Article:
In 2016, Eric Kawa became the youngest person to be nominated for ‘Best on Air Personality in Africa” by the Africa Entertainment Legends Awards. This made him the only Sierra Leonean and the youngest person to be nominated in this category. It was a noteworthy achievement to everyone around, but for Eric it had been long time coming.

Even at a young age, his confidence in communication was obvious through his love for public speaking and acting. This later metamorphosed into a passion for journalism. In fact his growing years were characterized by active participation in broadcasting and children talk shows.

Eric is contributor to Africa news . He also reports for other news and radio outlets including GH One TV, Joy News, Capital Radio Sierra Leone and Swit Salone Magazine, cementing his status as a rising star personality around media spheres.

Although Eric is still an undergraduate and has a long way to go, he already has many feathers in his hat as a Bilingual on Air Personality, an MC, a Poet and a Blogger. He has received a lot of recognition in and out of Sierra Leone including 100 Most Influential Youths by the Federation of Patriotic Youth and Child Advocacy Network and the Sierra Youth Magazine.

One thing is for certain; he has come far and is positioned to make huge strides in journalism.


This is a philosophy that I hold on to; it has helped me make the right decisions in my career. I believe it is important to separate your emotions from whatever story you are reporting to remain as objective as possible. But it became impossible to do so once when I was covering a report on the Mortomeh Mudslide. Speaking with people who had suffered severely and lost a lot from the disaster had an impact on me and I had to check myself and not allow tears to fall down my cheeks. It was so difficult to handle, my heart carried a lot of grief for the victims and survivors. I couldn’t do much to help them, but I realized I could tell their story and let others know about them.

This is what fuels my passion for journalism: people have stories that need to be heard and I can help them by telling their stories.


There is still a long way to go in media and journalism in Africa. As Africans, I believe we need to change the way we tell our story. For the longest time our narratives have been in the hands of others. But now we have opportunities to change the narrative. Although it is important to share all sides of a story, we must endeavor to share stories that promote the continent. It is high time we took control and changed the image of the Africa perpetuated by the international media.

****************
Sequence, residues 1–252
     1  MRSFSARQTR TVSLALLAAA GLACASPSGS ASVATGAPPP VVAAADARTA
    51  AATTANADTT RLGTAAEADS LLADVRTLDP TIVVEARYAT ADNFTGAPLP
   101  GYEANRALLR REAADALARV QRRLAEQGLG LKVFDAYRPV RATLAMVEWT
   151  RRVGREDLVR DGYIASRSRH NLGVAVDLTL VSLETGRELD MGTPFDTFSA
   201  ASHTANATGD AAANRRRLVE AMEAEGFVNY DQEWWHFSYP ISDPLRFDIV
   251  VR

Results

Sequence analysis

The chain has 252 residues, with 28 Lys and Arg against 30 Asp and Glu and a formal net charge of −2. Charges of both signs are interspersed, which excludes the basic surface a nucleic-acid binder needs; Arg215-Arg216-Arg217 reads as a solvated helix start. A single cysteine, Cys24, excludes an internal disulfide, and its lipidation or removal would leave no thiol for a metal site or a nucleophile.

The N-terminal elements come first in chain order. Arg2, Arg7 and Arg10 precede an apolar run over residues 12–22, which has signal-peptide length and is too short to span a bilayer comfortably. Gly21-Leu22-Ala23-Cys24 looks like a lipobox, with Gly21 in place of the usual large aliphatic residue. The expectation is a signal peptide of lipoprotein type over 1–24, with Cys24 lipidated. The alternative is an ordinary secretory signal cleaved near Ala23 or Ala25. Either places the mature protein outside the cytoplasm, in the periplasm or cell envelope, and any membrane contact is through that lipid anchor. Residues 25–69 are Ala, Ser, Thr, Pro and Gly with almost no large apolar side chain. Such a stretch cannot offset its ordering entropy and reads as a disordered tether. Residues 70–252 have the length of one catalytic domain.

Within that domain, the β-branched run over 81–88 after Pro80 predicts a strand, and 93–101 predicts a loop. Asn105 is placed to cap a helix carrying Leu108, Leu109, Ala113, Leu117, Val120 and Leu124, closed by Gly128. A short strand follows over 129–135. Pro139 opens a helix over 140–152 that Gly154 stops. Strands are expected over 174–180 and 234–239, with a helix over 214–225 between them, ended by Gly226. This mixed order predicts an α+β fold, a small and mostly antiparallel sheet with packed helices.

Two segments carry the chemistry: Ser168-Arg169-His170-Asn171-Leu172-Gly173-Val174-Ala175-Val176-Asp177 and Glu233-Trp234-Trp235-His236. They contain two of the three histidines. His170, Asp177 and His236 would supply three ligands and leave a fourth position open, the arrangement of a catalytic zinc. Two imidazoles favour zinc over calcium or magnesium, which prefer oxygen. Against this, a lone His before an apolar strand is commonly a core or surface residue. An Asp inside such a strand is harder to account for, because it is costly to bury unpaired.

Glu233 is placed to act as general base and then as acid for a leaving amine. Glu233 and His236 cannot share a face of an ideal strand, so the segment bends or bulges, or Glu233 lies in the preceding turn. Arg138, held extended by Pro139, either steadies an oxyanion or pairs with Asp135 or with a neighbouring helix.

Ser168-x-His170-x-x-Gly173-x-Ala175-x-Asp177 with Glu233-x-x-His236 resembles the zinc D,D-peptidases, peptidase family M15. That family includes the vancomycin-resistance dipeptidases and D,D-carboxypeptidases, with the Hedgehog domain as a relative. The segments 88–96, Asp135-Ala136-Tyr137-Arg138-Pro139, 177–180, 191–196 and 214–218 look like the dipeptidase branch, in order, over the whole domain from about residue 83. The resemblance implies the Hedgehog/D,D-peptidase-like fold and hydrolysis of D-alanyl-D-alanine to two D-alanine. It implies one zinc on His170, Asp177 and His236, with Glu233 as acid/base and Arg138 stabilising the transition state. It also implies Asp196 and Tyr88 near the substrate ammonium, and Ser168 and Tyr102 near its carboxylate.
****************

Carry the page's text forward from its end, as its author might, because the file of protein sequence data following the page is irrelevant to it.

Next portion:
Our land is not stricken with war, poverty and diseases, we are much more than that. There is a new evolution in which Africans are also joining, in the community of technology and innovation. This is the story we have to tell and I want to be a part of changing the narrative of Africa.

We have wonderful people, rich cultures and amazing foods. Let’s start telling those stories and sell Africa’s positive image to the world.


With great power comes a lot of responsibility and I believe maintaining a code of ethics plays a very significant role as a journalist. In order to maintain professionalism one should always consider the ethical codes of the profession. In Sierra Leone, we have the Independent Media Code of Practice.

But that is not enough, each journalist must hold himself and his fellows accountable to it. Maintaining professionalism gives you credibility and the general public holds you in high esteem.

It might not be the same for social media especially when our government is yet to establish a “cyber law” but ethics should always be maintained in our job as it can “make or break” us.


I think Freedom of Expression especially for the press is very important. Journalists face a lot of challenges through interference from outside parties and it hinders our abilities to report a story objectively and without duress. The rights of the press must be guarded carefully, I think Sierra Leone has got laws that cover communications. The IMC Code of Practice, Access to Information Law and section 25 (1) of our 1991 Constitution also gives room for freedom of Expression.

The problem is some these laws in Sierra Leone are very limiting, so communicators have been calling for a repeal of part 5 of the Public Order Act of 1965, of which I have joined in protesting against.

I suggest the government scrutinizes the legislations that guarantee Freedom of Expression and of the Press with no interference. They should also put measures in place to ensure that there are laws or policies that ensures the rights of media people are protected.


There are quite a number of media personalities who have inspired me on my journey:

Umaru Fofana– Is a Sierra Leonean Journalist, Hearing his voice on BBC has always made me proud and developed my passion for journalism. I have also had the opportunity to meet and have discussions with him on several occasions. He serves as a mentor.

Abdul Rahman Jalloh – Though I had started broadcasting before meeting him, he served as one of my first tutors and coaches. He taught me some skills in Radio and TV Presentation and encouraged me to believe in myself. I am eternally grateful for his help.

Patrick Sallia– He also played a very significant role in my media journey. He has served as my producer and coached me several times on presentation. He always believes in me and gives me opportunities to explore.

Written by: arianadiaries

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